Pitch Perfect 2
Pitch Perfect 2 (2015)
★★★ / ★★★★
On President Obama’s birthday, the Barden Bellas, three-time a cappella champions, were invited to perform at the Lincoln Center. The performance goes swimmingly—at least initially—until Fat Amy (Rebel Wilson) is shown suspended on a white sheet à la P!nk at the 2010 Grammys. Wearing no underwear, Fat Amy inadvertently flashes the world and the images spread like wildfire. The Barden Bellas’ once excellent reputation is tarnished and the university’s dean is forced to make a drastic decision.
Directed by Elizabeth Banks, “Pitch Perfect 2” matches the novelty and verve of its predecessor at times, but it does drag in parts. As it should be, the film is at the top of its game when characters are performing mashups of mainstream songs both new and old. However, in order to appeal emotionally to the audience, the script tries to explore friendships and relationships which often come across as tired and forced.
There are a few smart choices here. Beca (Anna Kendrick) is now a senior and she is making preparations when it comes to what she wants to do next after graduation. She hopes to become a record producer and so she divides her time between the a cappella group and interning with a music producer with a sharp tongue (Keegan-Michael Key). The scenes that take place in the conference room and the studio are entertaining and amusing. We believe that Beca is ready to start a new chapter, not simply sitting through a series of scenes where the character realizes eventually that she loves being a Barden Bella more than a chance at a real future. Always be on the lookout for cameos.
Less interesting is the love interest between Fat Amy and Bumper Allen (Adam DeVine), a former Treblemaker who used to work for John Mayer. I missed Bumper Allen’s sassiness; they try to make him a nice guy here which makes him almost boring. Although Wilson and DeVine do try to give it their best shot, especially when it comes to the range of facial expressions they possess, I never felt like there was anything at stake. Even if they do not end up together in the end, it still feels all right. Thus, the couple’s scenes are trivial for the most part, about twenty minutes of padding that fails to push the story forward.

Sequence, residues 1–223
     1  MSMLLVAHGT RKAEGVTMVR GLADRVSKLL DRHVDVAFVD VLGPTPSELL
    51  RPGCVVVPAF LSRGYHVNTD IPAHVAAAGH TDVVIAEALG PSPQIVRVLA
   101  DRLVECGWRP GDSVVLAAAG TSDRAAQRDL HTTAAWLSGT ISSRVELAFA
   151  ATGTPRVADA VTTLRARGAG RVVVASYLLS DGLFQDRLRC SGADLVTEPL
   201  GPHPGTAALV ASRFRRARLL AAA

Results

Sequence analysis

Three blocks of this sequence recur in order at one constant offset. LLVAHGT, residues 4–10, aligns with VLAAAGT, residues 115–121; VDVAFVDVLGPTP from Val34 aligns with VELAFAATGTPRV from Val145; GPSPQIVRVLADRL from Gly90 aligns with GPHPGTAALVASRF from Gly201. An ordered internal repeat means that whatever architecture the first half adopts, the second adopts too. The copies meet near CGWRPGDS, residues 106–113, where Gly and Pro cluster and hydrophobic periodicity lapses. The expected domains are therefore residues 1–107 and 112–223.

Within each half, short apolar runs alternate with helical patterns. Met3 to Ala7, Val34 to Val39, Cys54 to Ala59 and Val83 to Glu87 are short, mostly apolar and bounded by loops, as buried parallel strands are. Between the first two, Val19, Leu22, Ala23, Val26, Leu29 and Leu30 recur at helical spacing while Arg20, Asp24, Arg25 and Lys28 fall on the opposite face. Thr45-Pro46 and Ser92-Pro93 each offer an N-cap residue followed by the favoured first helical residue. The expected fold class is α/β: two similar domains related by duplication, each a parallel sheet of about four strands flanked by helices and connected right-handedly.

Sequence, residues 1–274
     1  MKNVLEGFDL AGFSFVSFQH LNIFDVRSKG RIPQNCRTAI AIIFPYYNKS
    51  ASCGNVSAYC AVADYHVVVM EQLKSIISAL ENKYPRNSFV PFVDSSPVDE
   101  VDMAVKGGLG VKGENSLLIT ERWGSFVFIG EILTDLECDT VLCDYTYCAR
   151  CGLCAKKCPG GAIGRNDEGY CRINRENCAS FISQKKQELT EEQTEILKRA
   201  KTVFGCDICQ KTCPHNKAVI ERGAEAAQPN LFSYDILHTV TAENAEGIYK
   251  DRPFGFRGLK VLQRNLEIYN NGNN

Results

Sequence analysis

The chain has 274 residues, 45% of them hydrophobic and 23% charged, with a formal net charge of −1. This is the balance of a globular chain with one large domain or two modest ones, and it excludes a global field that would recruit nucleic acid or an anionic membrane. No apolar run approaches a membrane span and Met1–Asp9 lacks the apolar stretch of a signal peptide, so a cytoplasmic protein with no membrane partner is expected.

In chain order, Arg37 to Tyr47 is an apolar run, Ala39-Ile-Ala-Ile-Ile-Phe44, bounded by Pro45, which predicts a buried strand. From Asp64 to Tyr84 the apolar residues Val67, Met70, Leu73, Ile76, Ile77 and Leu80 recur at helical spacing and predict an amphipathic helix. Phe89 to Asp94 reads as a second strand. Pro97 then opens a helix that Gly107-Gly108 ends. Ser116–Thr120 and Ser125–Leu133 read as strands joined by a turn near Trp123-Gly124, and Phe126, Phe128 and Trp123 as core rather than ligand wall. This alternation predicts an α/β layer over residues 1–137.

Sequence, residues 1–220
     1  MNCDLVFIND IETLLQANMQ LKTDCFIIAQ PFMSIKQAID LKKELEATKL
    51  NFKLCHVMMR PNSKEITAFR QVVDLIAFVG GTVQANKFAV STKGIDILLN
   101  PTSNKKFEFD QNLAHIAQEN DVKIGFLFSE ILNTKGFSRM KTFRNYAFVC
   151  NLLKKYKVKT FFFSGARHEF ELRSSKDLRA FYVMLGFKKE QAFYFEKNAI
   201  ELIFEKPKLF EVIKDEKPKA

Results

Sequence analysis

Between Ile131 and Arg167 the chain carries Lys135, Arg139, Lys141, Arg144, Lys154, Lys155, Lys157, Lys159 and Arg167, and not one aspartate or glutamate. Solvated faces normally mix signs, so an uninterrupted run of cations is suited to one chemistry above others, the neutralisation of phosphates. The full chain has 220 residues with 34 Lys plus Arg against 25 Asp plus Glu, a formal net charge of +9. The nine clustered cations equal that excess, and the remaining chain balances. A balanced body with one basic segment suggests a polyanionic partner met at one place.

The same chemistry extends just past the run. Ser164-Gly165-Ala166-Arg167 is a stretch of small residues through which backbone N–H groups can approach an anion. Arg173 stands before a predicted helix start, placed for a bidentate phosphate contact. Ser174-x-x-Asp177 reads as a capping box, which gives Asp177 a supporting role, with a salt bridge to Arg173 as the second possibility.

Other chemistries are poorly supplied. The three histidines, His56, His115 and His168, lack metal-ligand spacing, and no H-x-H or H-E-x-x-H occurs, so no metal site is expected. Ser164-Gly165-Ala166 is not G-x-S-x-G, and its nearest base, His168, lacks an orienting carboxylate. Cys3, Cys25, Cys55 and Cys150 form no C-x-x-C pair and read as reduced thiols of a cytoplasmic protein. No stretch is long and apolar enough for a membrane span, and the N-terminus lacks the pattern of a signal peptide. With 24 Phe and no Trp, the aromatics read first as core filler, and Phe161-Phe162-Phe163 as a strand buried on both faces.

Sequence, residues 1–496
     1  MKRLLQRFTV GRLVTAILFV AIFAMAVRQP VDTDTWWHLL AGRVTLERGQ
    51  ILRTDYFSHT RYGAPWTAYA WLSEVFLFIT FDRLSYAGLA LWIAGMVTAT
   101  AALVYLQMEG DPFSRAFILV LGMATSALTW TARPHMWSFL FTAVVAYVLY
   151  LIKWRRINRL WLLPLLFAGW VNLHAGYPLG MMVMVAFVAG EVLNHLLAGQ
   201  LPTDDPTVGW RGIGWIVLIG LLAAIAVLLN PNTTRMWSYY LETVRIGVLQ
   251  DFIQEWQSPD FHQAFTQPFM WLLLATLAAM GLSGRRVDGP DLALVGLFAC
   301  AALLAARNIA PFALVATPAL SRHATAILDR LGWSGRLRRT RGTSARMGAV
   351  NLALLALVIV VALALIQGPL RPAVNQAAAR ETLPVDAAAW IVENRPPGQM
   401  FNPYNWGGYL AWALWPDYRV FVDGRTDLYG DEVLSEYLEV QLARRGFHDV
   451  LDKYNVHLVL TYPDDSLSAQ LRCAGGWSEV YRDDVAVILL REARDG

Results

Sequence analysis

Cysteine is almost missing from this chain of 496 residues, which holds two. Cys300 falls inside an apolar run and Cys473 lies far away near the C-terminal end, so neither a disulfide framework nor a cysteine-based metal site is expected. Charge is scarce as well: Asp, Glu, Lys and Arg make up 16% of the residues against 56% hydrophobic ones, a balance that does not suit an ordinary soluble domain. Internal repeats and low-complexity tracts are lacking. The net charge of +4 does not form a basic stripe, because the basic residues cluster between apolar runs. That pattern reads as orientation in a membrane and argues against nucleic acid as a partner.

Perhaps the best part of the film is when the Barden Bellas participate in an underground rif-off against other a cappella groups. It is creative, funny, and we get a real sense of the styles, strengths, and weaknesses of each group. This is stronger than the finale—the latter satisfying but not particularly impressive. The last performance relies too much on sentimentality than presentation and talent. The main rival of the Barden Bellas in this film, Das Sound Machine (Flula Borg, Birgitte Hjort Sørensen), commands such a presence that cuteness and sweetness simply fail to measure up.
“Pitch Perfect 2” offers a good time and is best seen with a group of people. It might have been better if there had been less talking and more singing, but actors like Kendrick and Wilson possess such an effervescent, effortless charm that they could be selling me something that I don’t need yet I’ll still listen to them speak.